Their conflict arises when they both present to a traditional wealthy landowner type. Kajol presents a plan with a lot of big English words and fancy presentations and all. Dhanush presents a plan on a simple piece of paper, with some casual Tamil and a few film songs thrown in. And his team is picked instead of Kajol’s.
Brilliant statement here on traditional grounded business practices versus “modern” and “Western”. I don’t know anything about Indian business and changes and stuff in general, but in terms of film, this is what I am always on about. The fancy degrees from overseas and the corporate studio structure and everything else isn’t necessarily better than the other way. And the other way is familiar and comfortable and, you know, Indian! Why just throw it away?
Which is sort of Dhanush’s point here. He tells Kajol that their plans were equally good, he just knew to present it better, and she has to accept that. But, of course, Kajol can’t. She had the better plan, the big presentation, and this guy who turned her down for a job has now stolen a job from her.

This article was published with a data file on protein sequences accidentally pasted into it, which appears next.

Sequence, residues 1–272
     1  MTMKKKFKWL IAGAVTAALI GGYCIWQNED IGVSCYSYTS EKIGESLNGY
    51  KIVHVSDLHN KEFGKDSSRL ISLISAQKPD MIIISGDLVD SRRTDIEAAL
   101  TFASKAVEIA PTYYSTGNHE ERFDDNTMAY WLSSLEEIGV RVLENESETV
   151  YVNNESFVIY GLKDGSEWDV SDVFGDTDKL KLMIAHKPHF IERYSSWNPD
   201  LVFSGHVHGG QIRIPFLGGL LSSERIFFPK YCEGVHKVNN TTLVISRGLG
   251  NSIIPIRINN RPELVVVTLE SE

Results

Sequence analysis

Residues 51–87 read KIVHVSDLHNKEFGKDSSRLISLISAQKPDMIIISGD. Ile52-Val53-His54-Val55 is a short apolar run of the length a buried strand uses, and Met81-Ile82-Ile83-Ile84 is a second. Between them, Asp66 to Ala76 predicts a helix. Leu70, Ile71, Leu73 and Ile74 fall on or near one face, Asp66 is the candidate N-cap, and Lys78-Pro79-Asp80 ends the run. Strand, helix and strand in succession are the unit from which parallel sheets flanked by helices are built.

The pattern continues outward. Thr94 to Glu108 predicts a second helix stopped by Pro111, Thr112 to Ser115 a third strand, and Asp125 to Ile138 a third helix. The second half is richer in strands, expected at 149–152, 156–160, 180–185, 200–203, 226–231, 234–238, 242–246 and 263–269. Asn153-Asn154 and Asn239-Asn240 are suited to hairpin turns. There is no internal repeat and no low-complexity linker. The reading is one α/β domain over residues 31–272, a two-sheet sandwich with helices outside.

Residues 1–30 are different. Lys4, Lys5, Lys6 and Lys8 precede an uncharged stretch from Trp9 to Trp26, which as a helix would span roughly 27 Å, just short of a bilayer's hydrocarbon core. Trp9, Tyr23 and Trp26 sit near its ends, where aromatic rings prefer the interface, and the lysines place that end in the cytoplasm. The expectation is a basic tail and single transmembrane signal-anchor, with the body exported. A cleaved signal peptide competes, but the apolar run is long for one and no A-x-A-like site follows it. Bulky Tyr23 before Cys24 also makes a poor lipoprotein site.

But again, she has a reasonable response. Okay, she uses influence on a politician to threaten the traditional landowner to get them the job. That’s not so great. But all she is doing is taking back the job they were likely to get to begin with, which was a long shot for Dhanush and his group.
And here’s where it gets really interesting for about a minute. The big moment of the original film was when Dhanush confronted his nemesis and rattled off all the things he had gone through to get where he was, all the studying and struggle and patience, and how his empty threats mean nothing, now that he finally has his chance. And this time Kajol gets to deliver that speech. Being a young woman, proving herself, holding on to her family wealth, building it higher, still being respected in the business world now, everything she has been through to get here, and now she is being disrespected by this young man who doesn’t appreciate her efforts.
(Have I mentioned I like Ekta Kapoor?)